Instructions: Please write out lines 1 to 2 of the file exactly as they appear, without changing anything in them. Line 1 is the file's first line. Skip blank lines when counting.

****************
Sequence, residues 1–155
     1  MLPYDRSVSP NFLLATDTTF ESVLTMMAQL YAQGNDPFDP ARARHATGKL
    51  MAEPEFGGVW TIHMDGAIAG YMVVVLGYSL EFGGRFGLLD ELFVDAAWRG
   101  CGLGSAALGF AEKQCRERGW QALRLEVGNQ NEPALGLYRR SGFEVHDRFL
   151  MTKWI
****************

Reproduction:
Sequence, residues 1–155
     1  MLPYDRSVSP NFLLATDTTF ESVLTMMAQL YAQGNDPFDP ARARHATGKL